Riverhead Farmers Market Inspires My Lemon Curd Chocolate Tart


Trending topics that have kicked off the month of February on the East End of Long Island are the arctic blasts and the Riverhead Farmers Market—polar opposites: an oppressive freeze and a nourishing thaw. On Groundhog Day opposing predictions from Punxsutawney Phil was for six more weeks of winter and Long Island’s very own Malverne Mel and Holtsville Hal for an early spring. Unfortunately, I think Punxsutawney Phil is right. But one thing is certain (I predicted this one); the Riverhead Farmers Market is a huge success. Hundreds of eager attendees piled in from the front and back entrances of the 8,000-square-foot old Swezey’s Department store downtown. It took me 15 minutes to find a parking spot, and a few moments shy of purchasing some of my favorite edibles. 


The theme of the day? Sold out.

Miss Lady Root Beer was dry of their small batch root beer by noon. I was bummed. I had plans to make poached pears and a marinade for tasty short ribs; next week I need to get there super early. I snatched a growler of Moustache Brewing Company’s Everyman's Porter, as they eventually became tapped. Browder’s Birds ran out of their eggs twice after going back to the farm to replenish; thankfully I grabbed a dozen.

Miss Lady Root Beer
Tend Coffee
Kalypso Greek Yogurt

I made my way to Chef Lia Fallon of The Riverhead Project where I sampled Moroccan egg salad with green mango and a snow pudding, both made with Browder’s Birds eggs. The snow pudding was a meringue with lemon curd and a currant that resembled a cracked egg.

The RIverhead Project Egg Salad
Riverhead project snow pudding.jpg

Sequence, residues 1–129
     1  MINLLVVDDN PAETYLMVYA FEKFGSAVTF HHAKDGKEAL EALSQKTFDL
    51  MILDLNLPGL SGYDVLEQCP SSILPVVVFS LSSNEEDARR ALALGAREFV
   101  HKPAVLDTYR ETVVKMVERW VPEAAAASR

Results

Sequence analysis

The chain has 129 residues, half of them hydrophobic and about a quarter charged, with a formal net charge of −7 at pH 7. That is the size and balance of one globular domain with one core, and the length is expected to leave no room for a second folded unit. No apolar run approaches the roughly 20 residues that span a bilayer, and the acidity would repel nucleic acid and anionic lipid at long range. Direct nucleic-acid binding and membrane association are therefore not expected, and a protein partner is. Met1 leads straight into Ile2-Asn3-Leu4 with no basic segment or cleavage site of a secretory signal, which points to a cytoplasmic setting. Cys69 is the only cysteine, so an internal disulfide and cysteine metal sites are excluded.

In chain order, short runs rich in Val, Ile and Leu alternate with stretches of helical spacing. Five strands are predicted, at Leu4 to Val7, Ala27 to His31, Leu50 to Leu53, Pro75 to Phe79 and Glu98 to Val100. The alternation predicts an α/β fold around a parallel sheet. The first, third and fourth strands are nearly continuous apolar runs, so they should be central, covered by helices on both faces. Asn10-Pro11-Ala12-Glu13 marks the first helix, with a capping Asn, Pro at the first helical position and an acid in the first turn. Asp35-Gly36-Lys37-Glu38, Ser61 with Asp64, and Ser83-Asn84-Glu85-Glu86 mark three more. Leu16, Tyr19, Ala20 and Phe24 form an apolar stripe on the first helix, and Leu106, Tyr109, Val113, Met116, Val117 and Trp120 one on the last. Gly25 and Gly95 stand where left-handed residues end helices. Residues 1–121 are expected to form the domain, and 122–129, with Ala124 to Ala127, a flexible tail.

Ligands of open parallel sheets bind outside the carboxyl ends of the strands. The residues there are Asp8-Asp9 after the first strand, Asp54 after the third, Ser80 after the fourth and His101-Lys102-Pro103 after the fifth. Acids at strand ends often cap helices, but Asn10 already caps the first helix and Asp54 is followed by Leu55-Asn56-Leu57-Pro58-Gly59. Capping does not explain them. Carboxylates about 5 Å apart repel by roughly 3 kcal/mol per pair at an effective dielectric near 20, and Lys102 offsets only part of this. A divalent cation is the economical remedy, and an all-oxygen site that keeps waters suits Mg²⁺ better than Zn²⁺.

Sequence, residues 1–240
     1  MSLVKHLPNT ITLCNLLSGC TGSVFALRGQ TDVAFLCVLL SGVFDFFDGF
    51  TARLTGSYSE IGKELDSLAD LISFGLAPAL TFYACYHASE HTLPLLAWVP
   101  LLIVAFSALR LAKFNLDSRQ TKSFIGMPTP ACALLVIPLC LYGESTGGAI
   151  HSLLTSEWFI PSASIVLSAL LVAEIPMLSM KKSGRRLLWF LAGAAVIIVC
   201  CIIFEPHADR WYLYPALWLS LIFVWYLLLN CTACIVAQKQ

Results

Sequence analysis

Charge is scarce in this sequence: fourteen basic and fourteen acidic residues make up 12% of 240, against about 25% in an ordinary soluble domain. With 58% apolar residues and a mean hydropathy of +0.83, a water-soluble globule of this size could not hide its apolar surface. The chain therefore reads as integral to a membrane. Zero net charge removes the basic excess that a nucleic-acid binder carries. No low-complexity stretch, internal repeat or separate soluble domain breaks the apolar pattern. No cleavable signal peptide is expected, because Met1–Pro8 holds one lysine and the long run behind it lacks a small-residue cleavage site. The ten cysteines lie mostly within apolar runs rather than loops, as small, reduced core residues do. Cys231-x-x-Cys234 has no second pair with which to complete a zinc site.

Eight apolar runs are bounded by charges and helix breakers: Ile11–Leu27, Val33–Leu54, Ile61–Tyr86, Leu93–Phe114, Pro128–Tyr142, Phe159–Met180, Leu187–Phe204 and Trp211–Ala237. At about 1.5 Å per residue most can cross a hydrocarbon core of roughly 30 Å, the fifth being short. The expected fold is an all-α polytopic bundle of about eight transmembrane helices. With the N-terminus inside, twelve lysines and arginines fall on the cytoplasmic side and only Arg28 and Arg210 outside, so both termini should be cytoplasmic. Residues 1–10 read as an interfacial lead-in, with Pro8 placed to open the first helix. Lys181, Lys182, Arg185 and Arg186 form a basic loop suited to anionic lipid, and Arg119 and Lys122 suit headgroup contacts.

After indulging, I scurried over to the North Fork Chocolate Company which makes artisanal chocolates and desserts from products of the local farmers. I bought the espresso chip bark crafted using LiV Vodka

North Fork Chocolate Company Bark
North Fork Chocolate Company

Fallon’s snow pudding and the handcrafted bark of the North Fork Chocolate Company inspired my lemon curd chocolate tart. How can the chefs, artisans and farmers of the East End not inspire anyone to create a meal or treat? And what better way to your sweethearts stomach this Valentines Day than with a lemon curd chocolate tart.

During these winter months a farmers market will surely keep you busy in the kitchen or happily stuffed. It is my way to ward away the winter blues and to be supportive of the East End Community. 

Bring on the next six weeks of winter as I will surely be creating a feast. 

The Riverhead Farmers Market is at 117 East Main Street, Saturdays, February 1 through May 17 from 11 a.m. - 3 p.m.


Lemon Curd Chocolate Tart

Lemon Curd Chocolate Tart


Lemon Curd

  • 4 large egg yolks from Browder's Birds eggs
  • 1/2 cup granulated sugar
  • Zest and juice of 2 large lemons
  • 6 tablespoons of unsalted butter cut into 6 pieces; room temperature
  • 1/8 teaspoon salt

Melted Chocolate

  • 1/4 pound of espresso chip bark from the North Fork Chocolate Company, chopped (you can use any good dark chocolate)
  • 2 tablespoons of heavy cream


North Fork Chocolate Company Bark
  • 1 egg yolk
  • 2 tablespoons of very cold water
  • 1 teaspoon of vanilla extract
  • 1 1⁄2 cups unbleached all-purpose flour
  • 1⁄3 cup sugar
  • 1⁄4 teaspoon of salt
  • 1 stick of cold unsalted butter, cut into 1⁄4-inch cubes


Lemon Curd

Lemon Curd
  1. Fill a medium saucepan with 2 inches of water and bring it to a simmer.